For the first time in a decade, diamond production is falling behind demand – good news for the African countries who supply more than half the world’s gemstones.
Annual diamond output is expected to average about 127 million carats between 2021 and 2026, according to Paul Zimnisky Diamond Analytics. Production in 2019, when pre-pandemic conditions still prevailed, saw 142 million carats brought to market.
Around 152 million carats were mined in 2017, the recent high-water mark. However, production fell to a three-decade low last year with just 119 million carats produced.
“An oversupplied diamond supply chain was the biggest culprit for industry underperformance for the most of last decade,” Mr Zimnisky says. “All-time high diamond prices in 2011 was the primary catalyst leading to the oversupply.”
Globally, diamond production fell 20 per cent in 2020 while rough diamond sales plummeted 33 per cent, according to a report by Bain & Company. The restrictions introduced to curb the spread of the coronavirus led diamond producing countries such as Botswana, Lesotho and Namibia to shut down their operations while dealers from international diamond centres such as Antwerp, Dubai and India could not access supply.
Now, the industry is poised for correction as miners and producers have begun limiting supply to match demand.
Industry leader De Beers Group, which supplies almost a third of world supply, says it now has fewer diamonds available after reducing its inventories. The Botswana-based company said it sold 13.5 million carats, against production of 7.2 million carats, during the first quarter of this year.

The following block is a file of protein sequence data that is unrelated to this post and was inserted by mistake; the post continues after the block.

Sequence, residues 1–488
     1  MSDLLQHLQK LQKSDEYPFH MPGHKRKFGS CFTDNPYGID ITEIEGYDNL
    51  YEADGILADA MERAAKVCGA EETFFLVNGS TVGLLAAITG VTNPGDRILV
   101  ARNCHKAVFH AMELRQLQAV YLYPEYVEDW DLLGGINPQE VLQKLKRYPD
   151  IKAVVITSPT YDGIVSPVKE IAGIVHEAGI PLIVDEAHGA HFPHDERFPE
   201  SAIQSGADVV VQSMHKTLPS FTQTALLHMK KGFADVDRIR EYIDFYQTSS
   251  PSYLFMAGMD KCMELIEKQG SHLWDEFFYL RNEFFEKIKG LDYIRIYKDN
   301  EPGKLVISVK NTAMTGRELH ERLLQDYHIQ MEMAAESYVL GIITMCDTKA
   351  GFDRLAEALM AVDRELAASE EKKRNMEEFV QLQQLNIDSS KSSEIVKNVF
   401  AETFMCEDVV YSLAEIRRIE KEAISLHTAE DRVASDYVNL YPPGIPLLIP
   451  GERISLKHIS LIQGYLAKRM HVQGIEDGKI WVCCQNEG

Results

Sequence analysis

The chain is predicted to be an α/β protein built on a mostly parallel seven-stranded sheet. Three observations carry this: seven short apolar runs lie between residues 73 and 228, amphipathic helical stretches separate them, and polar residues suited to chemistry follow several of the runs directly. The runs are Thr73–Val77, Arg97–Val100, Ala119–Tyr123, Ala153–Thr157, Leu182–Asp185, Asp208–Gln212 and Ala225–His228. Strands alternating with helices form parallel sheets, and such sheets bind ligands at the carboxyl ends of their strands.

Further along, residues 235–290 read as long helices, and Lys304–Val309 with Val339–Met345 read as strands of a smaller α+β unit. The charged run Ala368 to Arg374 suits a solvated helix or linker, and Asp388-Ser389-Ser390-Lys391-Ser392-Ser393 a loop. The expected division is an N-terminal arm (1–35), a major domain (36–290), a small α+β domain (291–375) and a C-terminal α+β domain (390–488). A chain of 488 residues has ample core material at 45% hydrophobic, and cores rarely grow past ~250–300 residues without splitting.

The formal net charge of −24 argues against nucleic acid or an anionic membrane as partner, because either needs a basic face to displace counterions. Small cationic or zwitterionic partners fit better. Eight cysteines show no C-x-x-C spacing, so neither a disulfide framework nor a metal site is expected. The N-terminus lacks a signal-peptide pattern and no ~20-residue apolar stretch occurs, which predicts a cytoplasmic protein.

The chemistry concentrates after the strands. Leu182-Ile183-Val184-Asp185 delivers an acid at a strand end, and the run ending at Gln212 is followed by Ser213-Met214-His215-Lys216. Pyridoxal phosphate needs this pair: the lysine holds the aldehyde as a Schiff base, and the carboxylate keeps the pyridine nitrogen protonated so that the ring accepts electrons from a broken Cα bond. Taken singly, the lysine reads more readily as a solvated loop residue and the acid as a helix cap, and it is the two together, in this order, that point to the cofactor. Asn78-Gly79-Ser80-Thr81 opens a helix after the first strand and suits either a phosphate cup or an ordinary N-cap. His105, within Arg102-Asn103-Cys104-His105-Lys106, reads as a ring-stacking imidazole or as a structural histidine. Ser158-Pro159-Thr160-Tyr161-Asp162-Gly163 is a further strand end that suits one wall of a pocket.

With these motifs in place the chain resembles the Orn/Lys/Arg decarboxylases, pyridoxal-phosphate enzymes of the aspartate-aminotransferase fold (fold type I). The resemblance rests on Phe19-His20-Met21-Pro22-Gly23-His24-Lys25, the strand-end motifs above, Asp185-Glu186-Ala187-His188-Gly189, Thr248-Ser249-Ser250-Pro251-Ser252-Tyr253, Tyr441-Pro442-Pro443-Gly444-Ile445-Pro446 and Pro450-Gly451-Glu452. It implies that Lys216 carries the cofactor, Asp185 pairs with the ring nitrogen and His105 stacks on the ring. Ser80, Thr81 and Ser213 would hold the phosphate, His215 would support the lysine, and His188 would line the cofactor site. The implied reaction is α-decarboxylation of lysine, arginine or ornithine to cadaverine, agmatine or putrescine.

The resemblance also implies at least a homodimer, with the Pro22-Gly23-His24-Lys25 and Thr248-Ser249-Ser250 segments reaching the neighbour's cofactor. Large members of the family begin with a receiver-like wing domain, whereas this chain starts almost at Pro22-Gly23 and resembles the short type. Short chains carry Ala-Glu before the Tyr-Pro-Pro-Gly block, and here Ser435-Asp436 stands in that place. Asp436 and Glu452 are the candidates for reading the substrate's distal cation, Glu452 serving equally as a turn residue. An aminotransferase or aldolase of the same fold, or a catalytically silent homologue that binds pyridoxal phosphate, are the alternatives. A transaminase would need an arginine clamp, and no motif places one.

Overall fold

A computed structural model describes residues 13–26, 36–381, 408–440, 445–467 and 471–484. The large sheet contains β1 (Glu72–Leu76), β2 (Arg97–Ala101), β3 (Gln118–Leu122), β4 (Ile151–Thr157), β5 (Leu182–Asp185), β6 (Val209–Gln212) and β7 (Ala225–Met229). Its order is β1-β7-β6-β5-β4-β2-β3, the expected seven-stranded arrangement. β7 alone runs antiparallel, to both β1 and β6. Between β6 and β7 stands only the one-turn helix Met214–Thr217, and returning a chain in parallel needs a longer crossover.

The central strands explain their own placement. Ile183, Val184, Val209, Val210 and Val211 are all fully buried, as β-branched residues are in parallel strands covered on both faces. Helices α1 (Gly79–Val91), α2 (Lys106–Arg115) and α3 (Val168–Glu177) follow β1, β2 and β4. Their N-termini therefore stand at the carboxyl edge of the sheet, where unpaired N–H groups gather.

As production fell, demand seems to have increased.
“We saw the continuation of good rough diamond demand during our second sales cycle of 2021 on the back of positive consumer demand for diamond jewellery,” said Bruce Cleaver, chief executive of De Beers Group in a statement.
Russian diamond miner Alrosa, the world’s second largest producer, also sold almost twice the number of diamonds than it produced over the past year – 7,5 million carats mined but 13,5 million sold. The company’s first-quarter sales are up 65 per cent compared to the same period last year.
Demand for diamonds is rebounding amid a broader economic recovery and a return in consumer confidence in key markets.
US jewellery sales in March soared by 106 per cent annually, helped by stimulus payments, according to diamond industry analyst firm Rapaport.
All this bodes well for an industry that has struggled to regain its sparkle in recent years. For African producers, the possibility of fresh diamond investment is welcome.
“I think we will see a new interest in both green and brown fields diamond exploration due to increasing diamond demand,” says James Campbell, managing director of Botswana Diamonds, an exploration company.
The political risk historically associated with African countries has now largely passed southern Africa. Even Angola, which was once seen as the major origin of ‘blood diamonds’, has enjoyed years of peace and stable governance.
“Southern Africa is also highly prospective for diamonds, with Botswana having low political risk too and other countries in the region having gradually reducing political risk,” Mr Campbell says.
Africa also leads in the discovery of large diamonds; the most recent was a 130-carat gem found in Angola, by the Australian-listed Lucapa Diamond Company. Provisionally valued at $170 million, this is the seventh stone clocking in above 100 carats to be found this year so far.
While full mining production now resumes, it is unlikely to catch up with demand anytime soon.
“Low diamond inventories combined with a post-vaccinated economy charged with pent-up wedding demand sets the industry up well for the remainder of 2021,” Mr Zimnisky says. “The recent move up in diamond prices is the strongest I have seen in years.”